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Picture an object such as item 7 on this page .. http://en.wikipedia.org/wiki/List_of_moment_of_inertia_tensors

Call that the x axis and z is in to the distance. See diagram below.

We are in deep space. The object is 10 meters long, a couple inches diameter and weighs 100kg.

OK, we make it spin on it's own length. Let's say at about 2 hz.

x y and z up

So it's spinning on it's own long axis, our x axis.

Now for clarity, we will refer to "All the points along the center of the rod" as ATPATCOTR.

So far it's only spinning on the x-axis. Looked at from any anywhere, it is of course obviously unchanging: Note that every ATPATCOTR is completely stationary, the coordinates x,y,z of every ATPATCOTR never change in any way.

Now: we make it also tumble on the z axis. So the left end begins to move slowly down and the right end begins to move slowly up. The whole thing tumbles end-over-end, let's say once every few seconds.

To be clear, every ATPATCOTR now descibes a perfect circle in the XY plane, with z always zero.

BUT WAIT -- here's the question.

Now, if you actually try to do this, typically it will also wobble. What do I mean by wobble? Look at it from overhead, and it will be varying it's angle - note the second diagram. (ie, the angular velocity along the y axis is no longer zero - it goes back and fore a bit.)

It is no longer the case that ATPATCOTR make perfect circles (z=0), they are forming all sorts of weird spirals.

THE QUESTION -- in fact, quite simply, IS IT POSSIBLE in this universe, to have the object both spin on the x axis, and, tumble on the z axis, CLEANLY with NO rotation or angular velocity in the y axis?

In other words grab your pencil and throw it away from you, spinning it along it's length, but also make it tumble end-over-end a little through the air. In fact, can the tumbling motion be perfectly clean in one flat plane? Or is that actually impossible? (ie, you would have to use two glass sheets that forcefully retain the tumbling motion to be in one perfect plane only?

In other words, make a platonic pencil spin on it's length and lay it on a platonic frictionless table. Now make it additionally spin like a baton as seen from above. Is that in fact "impossible", i.e. it will be angry that the flat table is holding the baton-spin to one perfect plane and it will force against it?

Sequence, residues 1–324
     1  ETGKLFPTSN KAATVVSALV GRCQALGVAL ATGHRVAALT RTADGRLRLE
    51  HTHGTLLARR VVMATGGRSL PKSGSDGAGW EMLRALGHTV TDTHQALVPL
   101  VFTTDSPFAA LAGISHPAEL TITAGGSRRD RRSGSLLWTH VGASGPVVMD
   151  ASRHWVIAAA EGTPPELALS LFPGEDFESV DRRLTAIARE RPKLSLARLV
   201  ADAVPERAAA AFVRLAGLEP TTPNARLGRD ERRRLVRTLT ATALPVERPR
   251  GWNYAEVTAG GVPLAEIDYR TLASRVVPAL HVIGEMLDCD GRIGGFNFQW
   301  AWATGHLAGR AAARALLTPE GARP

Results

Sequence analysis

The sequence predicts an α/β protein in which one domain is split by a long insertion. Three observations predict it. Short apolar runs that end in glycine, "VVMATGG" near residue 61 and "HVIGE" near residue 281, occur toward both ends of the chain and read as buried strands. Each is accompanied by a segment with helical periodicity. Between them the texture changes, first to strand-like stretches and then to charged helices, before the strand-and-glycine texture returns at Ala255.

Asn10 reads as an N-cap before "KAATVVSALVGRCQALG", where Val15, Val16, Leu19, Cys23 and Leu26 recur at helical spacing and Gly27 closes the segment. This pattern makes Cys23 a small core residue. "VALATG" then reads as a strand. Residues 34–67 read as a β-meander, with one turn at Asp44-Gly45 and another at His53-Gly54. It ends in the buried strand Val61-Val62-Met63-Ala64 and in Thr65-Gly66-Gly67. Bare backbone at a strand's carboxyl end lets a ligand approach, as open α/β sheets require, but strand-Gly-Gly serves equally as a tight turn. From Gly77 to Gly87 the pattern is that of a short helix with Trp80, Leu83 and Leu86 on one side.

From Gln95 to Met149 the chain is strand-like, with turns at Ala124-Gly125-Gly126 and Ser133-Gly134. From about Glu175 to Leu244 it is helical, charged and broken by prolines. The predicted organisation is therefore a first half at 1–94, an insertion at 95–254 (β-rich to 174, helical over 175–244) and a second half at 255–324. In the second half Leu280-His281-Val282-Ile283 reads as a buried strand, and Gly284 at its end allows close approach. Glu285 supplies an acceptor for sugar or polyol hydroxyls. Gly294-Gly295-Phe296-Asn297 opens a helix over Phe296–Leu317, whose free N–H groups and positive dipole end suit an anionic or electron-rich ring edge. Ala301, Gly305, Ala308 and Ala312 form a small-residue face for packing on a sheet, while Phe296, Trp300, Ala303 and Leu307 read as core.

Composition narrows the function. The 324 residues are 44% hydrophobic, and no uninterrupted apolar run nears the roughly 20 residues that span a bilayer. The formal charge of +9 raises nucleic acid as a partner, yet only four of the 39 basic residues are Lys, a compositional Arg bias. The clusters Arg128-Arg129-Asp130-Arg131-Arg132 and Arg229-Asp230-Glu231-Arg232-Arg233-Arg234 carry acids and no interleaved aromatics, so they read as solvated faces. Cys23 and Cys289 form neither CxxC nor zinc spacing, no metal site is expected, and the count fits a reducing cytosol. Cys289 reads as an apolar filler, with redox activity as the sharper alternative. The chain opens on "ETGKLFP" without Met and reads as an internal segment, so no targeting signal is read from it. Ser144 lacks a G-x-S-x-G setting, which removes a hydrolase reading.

In other words: http://www.youtube.com/watch?v=wfCgCXvw50A
it looks like (A) the board is spinning on it's own length, and, (B) slowly rotating on the z axis (using our diagram). Superficially (C) there's no rotation from overhead, rotation on the y axis. But is that simply wrong - if we observed closely there would be some rotation/wobble on the y axis also?

In other words, can you spin a pencil along it's length, and also have it tumble in one perfectly flat plane only? Or will there necessarily be "wobble", essentially some rotation or change of angle in all three axis?

In this universe can an object in fact spin in "two axis" only, or is that impossible? You can (I think!) have an object spin cleanly in one axis, but after that do you have to go straight to all-axis rotation?

Thanks!

enter image description here

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up vote 1 down vote accepted

The body is rotating around two axis $x$ and $z$ So,the angular momentum along those direction get add up to $L_{resultant}$ which causes the rod to slightly dis-align from the $x$-axis as seen from the top along $y$-axis

In detail what happens is when we rotate the rod along $x$-axis and then apply a torque $\tau_z$ for small amount of time in $z$ direction which builds up the angular momentum in $z$ direction.By intuition we tend to think that the rod will continue spinning in $x$ axis and in the same time will rotate about $z$ axis.But that's not true because if rod rotates in $z$ direction then $L_x$ will change (in direction not in magnitude) without the application of any torque which violates the law of conservation of angular momentum.So instead of this ,the rod just tilts in the direction of resultant angular momentum(shown in diagram) and will remain until some other torque is applied. And moreover it will not wobble and will not have any angular velocity along $y$-axis since there is no torque in that direction.

x y and z up
See this may be you will get better understanding.

On the other hand if you apply a constant torque along $z$-axis then $L_x$(lets call it $L_s$ where $s$ stands for spin) will rotate towards $z$-direction but now also it will not wobble.But if you somehow make sure to make $\tau_z$ always perpendicular to $L_s$(which is exactly the same case as gyroscope) then $L_s$ will try to chase $\tau_z$ hence rod will now have angular velocity $\omega _{pr}$($pr$ stands for precession) $$\omega_{pr}=\frac{\tau}{L_s}$$

And as your question, is it possible for a body to spin in $x$-axis and tumble in $z$-axis with no rotation in $y$-axis?
My answer is when you apply torque in $z$-direction it doesn't mean it will tumble (in the video, the wheel doesn't tumbled inspite of having a torque =$mgr$ ) instead it will have a angular velocity along $y$-axis $\omega_{pr}$.

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